Cynthia Feuerwerker has voyaged farther than Lovecraft ever foresaw, when he wrote of Herbert West’s nominally laudable scientific inquiry and desire to achieve the medical goal of defeating death perverted and degenerated by “a soul calloused and seared.” West was willing to kill for his researches; Feuerwerker was not. Bear & Monette’s moral, if there is one, is less than comforting: someone will try again. This was not the first reanimator, nor will it be the last. Human curiosity often outstrips its ability to foresee the implications and ramifications of what it does and what it creates.

“The Wreck of the Charles Dexter Ward” was first published as an audiobook on the Drabblecast (2012). It was reprinted in The Year’s Best Science Fiction: Thirtieth Annual Collection and The Mammoth Book of Best New SF 26 (both 2013), New Cthulhu 2: More Recent Weird (2015), Dreams from the Witch House: Female Voices of Lovecraftian Horror (2016), and Chiral Mad 4: An Anthology of Collaborations (2018).

It is the third of Elizabeth Bear and Sarah Monette’s collaborations, preceded by “Boojum” and “Mongoose”.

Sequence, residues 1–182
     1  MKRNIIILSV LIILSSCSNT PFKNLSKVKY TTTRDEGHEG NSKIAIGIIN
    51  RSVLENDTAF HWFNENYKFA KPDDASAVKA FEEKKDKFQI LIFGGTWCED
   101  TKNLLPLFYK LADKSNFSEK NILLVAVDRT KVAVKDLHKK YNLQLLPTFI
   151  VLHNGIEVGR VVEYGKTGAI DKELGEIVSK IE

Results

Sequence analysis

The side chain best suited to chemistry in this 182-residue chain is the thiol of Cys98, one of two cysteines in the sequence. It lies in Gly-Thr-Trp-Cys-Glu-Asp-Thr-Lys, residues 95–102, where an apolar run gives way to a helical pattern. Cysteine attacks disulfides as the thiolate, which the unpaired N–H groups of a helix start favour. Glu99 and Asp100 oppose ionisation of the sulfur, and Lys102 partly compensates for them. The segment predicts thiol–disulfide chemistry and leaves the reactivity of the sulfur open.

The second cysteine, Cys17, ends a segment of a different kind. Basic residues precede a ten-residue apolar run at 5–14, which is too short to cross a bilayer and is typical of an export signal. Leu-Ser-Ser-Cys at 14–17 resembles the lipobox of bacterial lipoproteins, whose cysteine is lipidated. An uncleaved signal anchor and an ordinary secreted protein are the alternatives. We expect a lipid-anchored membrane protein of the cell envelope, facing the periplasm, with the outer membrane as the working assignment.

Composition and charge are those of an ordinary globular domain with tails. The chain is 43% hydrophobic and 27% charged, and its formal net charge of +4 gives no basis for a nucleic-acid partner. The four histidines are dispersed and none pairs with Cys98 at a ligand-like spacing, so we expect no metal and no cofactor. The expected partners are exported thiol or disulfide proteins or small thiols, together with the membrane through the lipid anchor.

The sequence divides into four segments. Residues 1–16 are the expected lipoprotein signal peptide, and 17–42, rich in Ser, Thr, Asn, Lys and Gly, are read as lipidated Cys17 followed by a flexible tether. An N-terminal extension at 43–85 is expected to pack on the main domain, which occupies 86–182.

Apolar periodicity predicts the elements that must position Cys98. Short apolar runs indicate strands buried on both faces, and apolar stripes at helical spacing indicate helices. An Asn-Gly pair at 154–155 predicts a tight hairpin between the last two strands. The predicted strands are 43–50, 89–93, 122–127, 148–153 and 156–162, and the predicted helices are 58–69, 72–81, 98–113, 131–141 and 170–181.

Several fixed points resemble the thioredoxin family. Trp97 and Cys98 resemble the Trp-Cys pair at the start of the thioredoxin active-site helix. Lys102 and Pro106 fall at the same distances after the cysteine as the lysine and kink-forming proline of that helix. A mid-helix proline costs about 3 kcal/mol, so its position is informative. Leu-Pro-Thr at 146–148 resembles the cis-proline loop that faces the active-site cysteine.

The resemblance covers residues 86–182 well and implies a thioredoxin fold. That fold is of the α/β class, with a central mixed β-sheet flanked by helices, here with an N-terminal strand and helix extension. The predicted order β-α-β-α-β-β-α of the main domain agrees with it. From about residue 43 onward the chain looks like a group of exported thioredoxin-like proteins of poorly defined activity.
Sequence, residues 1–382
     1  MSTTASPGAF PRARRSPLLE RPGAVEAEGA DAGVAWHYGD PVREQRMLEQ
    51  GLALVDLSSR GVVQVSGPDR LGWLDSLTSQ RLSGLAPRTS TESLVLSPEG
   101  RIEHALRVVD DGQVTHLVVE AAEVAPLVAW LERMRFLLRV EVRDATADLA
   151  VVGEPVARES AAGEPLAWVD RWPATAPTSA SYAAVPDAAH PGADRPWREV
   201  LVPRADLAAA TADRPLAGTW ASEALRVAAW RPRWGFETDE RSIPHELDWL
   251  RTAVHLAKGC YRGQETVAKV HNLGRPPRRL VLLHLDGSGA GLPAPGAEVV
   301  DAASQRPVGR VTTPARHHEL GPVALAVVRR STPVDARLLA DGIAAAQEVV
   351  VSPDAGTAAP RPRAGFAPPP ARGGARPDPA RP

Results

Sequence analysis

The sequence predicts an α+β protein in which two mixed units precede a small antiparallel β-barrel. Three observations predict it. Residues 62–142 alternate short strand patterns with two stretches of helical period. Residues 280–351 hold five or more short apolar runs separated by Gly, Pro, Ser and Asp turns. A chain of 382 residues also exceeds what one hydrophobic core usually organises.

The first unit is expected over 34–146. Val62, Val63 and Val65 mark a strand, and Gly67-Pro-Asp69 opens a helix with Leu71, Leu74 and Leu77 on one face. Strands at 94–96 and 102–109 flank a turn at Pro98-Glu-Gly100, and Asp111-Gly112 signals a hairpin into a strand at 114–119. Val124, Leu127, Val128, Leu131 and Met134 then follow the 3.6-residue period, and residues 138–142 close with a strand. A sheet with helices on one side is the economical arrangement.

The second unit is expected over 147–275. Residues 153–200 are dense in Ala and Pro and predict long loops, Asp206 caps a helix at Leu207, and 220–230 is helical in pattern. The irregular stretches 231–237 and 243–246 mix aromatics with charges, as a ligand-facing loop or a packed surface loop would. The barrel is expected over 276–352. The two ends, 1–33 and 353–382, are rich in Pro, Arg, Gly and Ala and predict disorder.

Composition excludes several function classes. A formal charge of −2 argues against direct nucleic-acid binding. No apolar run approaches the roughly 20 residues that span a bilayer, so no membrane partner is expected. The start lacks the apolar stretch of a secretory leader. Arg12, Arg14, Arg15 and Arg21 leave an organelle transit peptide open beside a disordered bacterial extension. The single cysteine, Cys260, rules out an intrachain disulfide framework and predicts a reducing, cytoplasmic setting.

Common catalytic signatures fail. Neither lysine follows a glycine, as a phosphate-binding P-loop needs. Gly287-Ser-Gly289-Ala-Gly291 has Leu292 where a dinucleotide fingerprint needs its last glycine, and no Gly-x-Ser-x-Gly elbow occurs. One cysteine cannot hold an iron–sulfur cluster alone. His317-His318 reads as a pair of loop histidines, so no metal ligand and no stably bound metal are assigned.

Bobby Derie is the author of Sex and the Cthulhu Mythos (2014)

 

“Kanye West—Reanimator” (2015) by Joshua Chaplinsky vs. “Herburt East: Refuckinator” (2012) by Lula Lisbon

Of Herbert West, who was my friend in college and in after life, I can speak only with extreme terror. This terror is not due altogether to the sinister manner of his recent disappearance, but was engendered by the whole nature of his life-work, and first gained its acute form more than seventeen years ago, when we were in the third year of our course at the Miskatonic University Medical School in Arkham. While he was with me, the wonder and diabolism of his experiments fascinated me utterly, and I was his closest companion. Now that he is gone and the spell is broken, the actual fear is greater. Memories and possibilities are ever more hideous than realities.
—H. P. Lovecraft, “Herbert West—Reanimator”

Of Herburt East, who was my lover in college and in after life, I can speak only with extreme arousal tinged with terror. This fear-tainted arousal is not due altogether to the sinister manner of his recent disappearance, but was engendered by the whole nature of his life-work, and first gained its acute form more than seventeen years ago, when we were in the third year of our course at the Peniskatonic University Medical School in Jerkham. While he was with me, the wonder and diabolism of his experiments fascinated me utterly; no less also did our two lean masculine bodies entwined in illicit passion, and I was his closest companion. Now that he is gone and the spell is broken, the lust is less blinding, and the actual fear is greater. Memories and possibilities are ever more hideous than realities.
—Lula Lisbon (“D. P. Lustcraft”), “Herburt East: Refuckinator” (emphasis mine)